6.3 System Initialization

PHP installations are typically quite customized -- e.g. different memory_limit, execution timeout values, etc. The first thing that Phing does is modify PHP INI variables to create a standard PHP environment. This is performed by the init layer of Phing that uses a three-level initialization procedure. It basically consists of three different files:

At the first look this may seem to be unnecessary overhead. Why three levels of initialization? The main reason why there are several entry points is that Phing is build so that other frontends (e.g. PHP-GTK) could be used in place of the command line.

6.3.1 Wrapper Scripts

This scripts are technical not required but provided for the ease of use. Imagine you have to type every time you want to build your project:

php -qC /path/to/phing/bin/phing.php -verbose all distro snapshot

Indeed that is not very elegant. Furthermore if you are lax in setting your environment variables these script can guess the proper variables for you. However you should always set them.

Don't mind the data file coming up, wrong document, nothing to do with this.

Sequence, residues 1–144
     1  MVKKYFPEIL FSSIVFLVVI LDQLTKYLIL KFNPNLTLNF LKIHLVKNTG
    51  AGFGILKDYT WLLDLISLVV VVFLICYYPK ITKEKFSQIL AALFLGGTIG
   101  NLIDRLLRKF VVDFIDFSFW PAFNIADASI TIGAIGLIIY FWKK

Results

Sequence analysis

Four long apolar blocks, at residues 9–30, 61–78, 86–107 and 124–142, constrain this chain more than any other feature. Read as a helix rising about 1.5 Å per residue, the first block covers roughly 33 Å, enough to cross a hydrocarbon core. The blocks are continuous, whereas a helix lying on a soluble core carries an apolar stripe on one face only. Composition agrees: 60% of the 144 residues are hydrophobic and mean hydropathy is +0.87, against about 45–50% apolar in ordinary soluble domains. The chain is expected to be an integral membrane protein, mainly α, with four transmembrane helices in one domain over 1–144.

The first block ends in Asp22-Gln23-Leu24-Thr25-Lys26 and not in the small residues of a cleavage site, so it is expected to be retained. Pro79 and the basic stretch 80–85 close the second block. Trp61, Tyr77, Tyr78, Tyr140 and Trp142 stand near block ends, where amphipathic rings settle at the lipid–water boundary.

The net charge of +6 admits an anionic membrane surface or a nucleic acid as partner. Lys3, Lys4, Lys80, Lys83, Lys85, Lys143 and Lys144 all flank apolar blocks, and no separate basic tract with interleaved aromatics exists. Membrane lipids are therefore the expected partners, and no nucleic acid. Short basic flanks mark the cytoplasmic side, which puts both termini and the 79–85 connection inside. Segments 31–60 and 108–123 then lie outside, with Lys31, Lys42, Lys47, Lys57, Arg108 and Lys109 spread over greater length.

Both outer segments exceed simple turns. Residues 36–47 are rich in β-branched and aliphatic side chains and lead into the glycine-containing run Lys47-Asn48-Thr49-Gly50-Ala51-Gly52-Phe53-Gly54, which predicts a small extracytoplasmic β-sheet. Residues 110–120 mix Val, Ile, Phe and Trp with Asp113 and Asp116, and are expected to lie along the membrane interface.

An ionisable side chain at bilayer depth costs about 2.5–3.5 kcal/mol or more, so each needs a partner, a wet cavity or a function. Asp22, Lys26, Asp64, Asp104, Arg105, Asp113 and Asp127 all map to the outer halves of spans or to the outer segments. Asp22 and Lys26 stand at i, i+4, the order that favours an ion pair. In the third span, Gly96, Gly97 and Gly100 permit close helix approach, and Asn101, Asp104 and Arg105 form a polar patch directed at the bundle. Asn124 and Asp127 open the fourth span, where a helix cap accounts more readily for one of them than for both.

The scripts are platform dependent, so you will find shell scripts for Unix like platforms (sh) as well as the batch scripts for Windows platforms. If you set-up your path properly you can call Phing everywhere in your system with this command-line (referring to the above example):

phing -v2 all distro

6.3.2 The Main Application (phing.php)

This is basically a wrapper for the Phing class that actually does all the logic for you. If you look at the source code for phing.php you will see that all real initialization is handled in the Phing class. phing.php is simply the command line entry point for Phing.

6.3.3 The Phing Class

Given that all the prior initialization steps passed successfully the Phing is included and Phing::startup() is invoked by the main application script. It sets-up the system components, system constants ini-settings, PEAR and some other stuff. The detailed start-up process is as follows:

  • Start Timer

  • Set System Constants

  • Set Ini-Settings

  • Set Include Paths

After the main application completed all operations (successfully or unsuccessfully) it calls Phing::shutdown(EXIT_CODE) that takes care of a proper destruction of all objects and a gracefully termination of the program by returning an exit code for shell usage (see [See Program Exit Codes] for a list of exit codes).